Collaborative/Therapeutic Assessment: A Casebook and Guide

Collaborative/Therapeutic Assessment: A Casebook and Guide

Collaborative/Therapeutic Assessment: A Casebook and Guide

Collaborative/Therapeutic Assessment: A Casebook and Guide

Synopsis

A guide to conducting Collaborative/Therapeutic Assessment to promote client growth

Mental health professionals are increasingly enthusiastic about and ready to use psychological test data, research, and theory in life-relevant ways to improve diagnosis, client care, and treatment outcomes. With Collaborative/Therapeutic Assessment (C/TA), clients participate actively with the assessor in exploring how their test scores and patterns reflect who they are in their daily lives and how they can learn to help themselves cope with life's challenges.

Using a case study approach to demonstrate how to apply C/TA in practice, Collaborative/Therapeutic Assessment provides practitioners with a variety of flexible and adaptable case examples featuring adults, children, adolescents, couples, and families from different backgrounds in need of treatment for assorted concerns.

Designed for both experienced and novice clinicians, the book begins with a brief history of C/TA, and provides clear definitions of the distinctions among many common approaches. It uniquely presents:

  • Eighteen diverse C/TA assessments covering: depression, multiple suicide attempts, severe abuse, dissociation, an adolescent psychiatric ward, custody evaluation, a couple in crisis, and collaborative neuropsychology

  • Guidance on how both client and clinician can agree on the best course of action through joint exploration of assessment procedures, results, and implications

  • Closely related approaches to psychological testing, including Individualized Assessment, Collaborative Assessment, Therapeutic Model of Assessment, Collaborative/Therapeutic Neuropsychological Assessment, and Rorschach-based psychotherapy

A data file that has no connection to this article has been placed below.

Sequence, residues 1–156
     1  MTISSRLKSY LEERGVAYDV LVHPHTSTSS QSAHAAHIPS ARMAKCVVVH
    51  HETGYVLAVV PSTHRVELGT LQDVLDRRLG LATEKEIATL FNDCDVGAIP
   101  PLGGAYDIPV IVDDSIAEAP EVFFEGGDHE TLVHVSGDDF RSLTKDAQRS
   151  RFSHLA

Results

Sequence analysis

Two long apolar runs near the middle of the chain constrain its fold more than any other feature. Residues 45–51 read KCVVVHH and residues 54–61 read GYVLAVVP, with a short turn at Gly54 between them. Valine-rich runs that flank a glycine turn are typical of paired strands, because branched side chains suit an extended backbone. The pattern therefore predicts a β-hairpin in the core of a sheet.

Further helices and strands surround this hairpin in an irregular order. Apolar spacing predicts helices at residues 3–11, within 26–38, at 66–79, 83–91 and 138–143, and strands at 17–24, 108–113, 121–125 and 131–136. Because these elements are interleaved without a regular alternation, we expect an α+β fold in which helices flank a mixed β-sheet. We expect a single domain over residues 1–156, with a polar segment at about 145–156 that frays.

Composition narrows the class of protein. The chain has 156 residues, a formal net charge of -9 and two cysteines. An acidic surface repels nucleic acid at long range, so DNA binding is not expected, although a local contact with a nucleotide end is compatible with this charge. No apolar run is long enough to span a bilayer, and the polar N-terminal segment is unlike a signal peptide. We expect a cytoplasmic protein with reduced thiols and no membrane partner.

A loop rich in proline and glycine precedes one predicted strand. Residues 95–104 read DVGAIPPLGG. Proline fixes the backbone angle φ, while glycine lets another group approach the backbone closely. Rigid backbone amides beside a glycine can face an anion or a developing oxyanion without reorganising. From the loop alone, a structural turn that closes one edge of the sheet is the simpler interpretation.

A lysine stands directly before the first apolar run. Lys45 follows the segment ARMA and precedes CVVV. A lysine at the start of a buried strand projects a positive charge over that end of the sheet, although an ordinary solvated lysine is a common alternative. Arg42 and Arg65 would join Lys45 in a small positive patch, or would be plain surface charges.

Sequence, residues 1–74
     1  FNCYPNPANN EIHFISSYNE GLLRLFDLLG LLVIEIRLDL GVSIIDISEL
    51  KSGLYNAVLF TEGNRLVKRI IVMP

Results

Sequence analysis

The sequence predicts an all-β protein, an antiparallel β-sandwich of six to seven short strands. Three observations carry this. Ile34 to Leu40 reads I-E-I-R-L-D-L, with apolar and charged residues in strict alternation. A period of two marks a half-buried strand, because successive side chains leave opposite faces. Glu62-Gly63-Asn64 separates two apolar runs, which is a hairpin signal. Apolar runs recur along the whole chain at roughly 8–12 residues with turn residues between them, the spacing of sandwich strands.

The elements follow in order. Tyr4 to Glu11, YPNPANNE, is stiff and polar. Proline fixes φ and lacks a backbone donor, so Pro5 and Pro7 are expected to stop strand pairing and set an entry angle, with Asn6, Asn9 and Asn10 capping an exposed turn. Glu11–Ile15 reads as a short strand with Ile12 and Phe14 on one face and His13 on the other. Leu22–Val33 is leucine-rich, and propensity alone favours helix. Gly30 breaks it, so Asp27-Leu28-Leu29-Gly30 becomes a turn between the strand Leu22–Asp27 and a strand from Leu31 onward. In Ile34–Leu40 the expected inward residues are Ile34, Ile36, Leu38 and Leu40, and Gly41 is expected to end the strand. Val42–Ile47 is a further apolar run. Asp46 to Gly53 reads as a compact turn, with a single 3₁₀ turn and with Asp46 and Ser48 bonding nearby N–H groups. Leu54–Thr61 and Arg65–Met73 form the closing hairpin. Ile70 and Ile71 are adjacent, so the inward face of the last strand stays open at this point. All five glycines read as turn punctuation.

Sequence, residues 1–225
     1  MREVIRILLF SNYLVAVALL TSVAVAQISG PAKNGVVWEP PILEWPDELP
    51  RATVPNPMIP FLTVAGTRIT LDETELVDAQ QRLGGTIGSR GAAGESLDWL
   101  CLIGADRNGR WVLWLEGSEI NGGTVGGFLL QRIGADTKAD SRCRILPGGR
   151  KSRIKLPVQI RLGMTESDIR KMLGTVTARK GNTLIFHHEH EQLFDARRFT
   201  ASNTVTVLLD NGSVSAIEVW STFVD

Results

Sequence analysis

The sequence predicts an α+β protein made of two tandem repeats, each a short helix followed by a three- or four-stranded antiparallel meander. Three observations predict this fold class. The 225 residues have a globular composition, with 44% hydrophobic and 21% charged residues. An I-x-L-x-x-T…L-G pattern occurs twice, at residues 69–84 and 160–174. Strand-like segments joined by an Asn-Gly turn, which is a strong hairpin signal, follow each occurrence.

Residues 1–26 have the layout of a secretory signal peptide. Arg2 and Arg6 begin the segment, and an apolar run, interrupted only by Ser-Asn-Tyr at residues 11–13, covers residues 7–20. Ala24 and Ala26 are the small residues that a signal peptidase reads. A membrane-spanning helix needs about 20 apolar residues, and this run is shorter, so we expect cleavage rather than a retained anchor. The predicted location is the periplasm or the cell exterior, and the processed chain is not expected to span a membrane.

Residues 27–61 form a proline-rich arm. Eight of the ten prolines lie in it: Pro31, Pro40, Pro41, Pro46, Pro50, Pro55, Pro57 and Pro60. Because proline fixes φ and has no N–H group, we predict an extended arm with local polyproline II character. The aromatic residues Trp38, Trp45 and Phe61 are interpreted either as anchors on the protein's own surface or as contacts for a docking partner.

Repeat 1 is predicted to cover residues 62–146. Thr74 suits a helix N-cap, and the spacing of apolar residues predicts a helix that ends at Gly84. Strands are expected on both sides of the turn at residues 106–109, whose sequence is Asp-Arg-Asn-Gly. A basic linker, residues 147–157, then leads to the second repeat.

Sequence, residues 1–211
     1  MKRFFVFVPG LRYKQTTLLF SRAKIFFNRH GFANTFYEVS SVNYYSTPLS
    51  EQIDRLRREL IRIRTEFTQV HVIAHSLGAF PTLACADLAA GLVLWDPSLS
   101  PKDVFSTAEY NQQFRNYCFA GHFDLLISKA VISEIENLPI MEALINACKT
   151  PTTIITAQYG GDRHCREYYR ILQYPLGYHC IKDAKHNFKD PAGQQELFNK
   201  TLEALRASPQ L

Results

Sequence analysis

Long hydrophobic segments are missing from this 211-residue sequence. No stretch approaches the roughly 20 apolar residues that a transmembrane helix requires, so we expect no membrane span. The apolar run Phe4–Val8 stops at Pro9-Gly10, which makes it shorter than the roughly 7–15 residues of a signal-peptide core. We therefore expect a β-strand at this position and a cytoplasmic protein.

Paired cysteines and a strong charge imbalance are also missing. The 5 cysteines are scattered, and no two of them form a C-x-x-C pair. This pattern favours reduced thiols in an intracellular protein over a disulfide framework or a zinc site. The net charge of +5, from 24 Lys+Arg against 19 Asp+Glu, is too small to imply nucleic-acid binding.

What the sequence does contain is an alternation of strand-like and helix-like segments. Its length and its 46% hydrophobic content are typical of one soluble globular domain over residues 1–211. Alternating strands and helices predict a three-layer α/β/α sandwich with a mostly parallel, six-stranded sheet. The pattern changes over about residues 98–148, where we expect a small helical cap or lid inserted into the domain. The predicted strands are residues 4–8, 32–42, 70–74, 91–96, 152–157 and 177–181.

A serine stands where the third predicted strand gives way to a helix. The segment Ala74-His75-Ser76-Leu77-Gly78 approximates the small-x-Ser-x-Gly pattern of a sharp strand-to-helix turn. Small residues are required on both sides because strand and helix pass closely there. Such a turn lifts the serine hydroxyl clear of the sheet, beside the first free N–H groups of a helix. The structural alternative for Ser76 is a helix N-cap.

• Clearly labeled Teaching Points in each chapter

Collaborative/Therapeutic Assessment provides psychologists in all areas of assessment, and at all levels of experience, with powerful C/TA examples that can dramatically illuminate and improve clients' lives.

Excerpt

Collaborative/Therapeutic Assessment (C/TA) is the term we use in this book to refer to multiple closely related approaches to psychological testing that are variously called individualized assessment, Collaborative Assessment, therapeutic assessment (lowercase), Therapeutic Assessment (uppercase), Therapeutic Model of Assessment, Collaborative Therapeutic Neuropsychological Assessment, Rorschach-based psychotherapy, projective counseling, and dynamic assessment. We will define and draw distinctions among many of these approaches in Chapter 1 and give a brief history of the field. We will also review research about these methods, which continues to accrue at a rapid pace. The remainder of the book consists of 18 case examples of C/TA from practitioners (including us) in four different countries. The chapters are divided into three sections: Part I concerns C/TA with adult individual clients; cases in Part II illustrate C/TA with children, adolescents, and young adults; and Part III contains cases illustrating special topics in C/TA, such as Collaborative Therapeutic Neuropsychological Assessment (CTNA), therapeutic assessment in a child-custody situation, and Therapeutic Assessment of couples. Within each section, the chapters are arranged alphabetically by the first author’s last name. In a final chapter we discuss commonalities among the cases and make concluding comments.

The clients written about in this book include adults, children, adolescents, couples, and families with many different types of backgrounds and concerns. All clients’ names and identifying information have been greatly altered to protect their privacy. The authors/practitioners include longstanding colleagues and young professionals, some of whom were former students of ours. All assessors necessarily adapted the basic concepts and practices of C/TA to their different settings, clients, and theoretical backgrounds. Readers will readily see that there is no single . . .

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